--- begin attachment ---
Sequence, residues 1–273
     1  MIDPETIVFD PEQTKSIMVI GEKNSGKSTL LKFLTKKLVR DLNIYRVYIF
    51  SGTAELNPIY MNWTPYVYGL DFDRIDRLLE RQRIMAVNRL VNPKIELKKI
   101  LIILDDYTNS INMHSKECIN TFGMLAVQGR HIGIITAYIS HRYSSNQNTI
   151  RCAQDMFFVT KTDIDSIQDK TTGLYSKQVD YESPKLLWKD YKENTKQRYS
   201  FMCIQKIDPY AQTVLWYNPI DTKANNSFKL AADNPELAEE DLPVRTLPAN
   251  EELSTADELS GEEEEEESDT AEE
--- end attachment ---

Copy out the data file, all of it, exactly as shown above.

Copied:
Sequence, residues 1–273
     1  MIDPETIVFD PEQTKSIMVI GEKNSGKSTL LKFLTKKLVR DLNIYRVYIF
    51  SGTAELNPIY MNWTPYVYGL DFDRIDRLLE RQRIMAVNRL VNPKIELKKI
   101  LIILDDYTNS INMHSKECIN TFGMLAVQGR HIGIITAYIS HRYSSNQNTI
   151  RCAQDMFFVT KTDIDSIQDK TTGLYSKQVD YESPKLLWKD YKENTKQRYS
   201  FMCIQKIDPY AQTVLWYNPI DTKANNSFKL AADNPELAEE DLPVRTLPAN
   251  EELSTADELS GEEEEEESDT AEE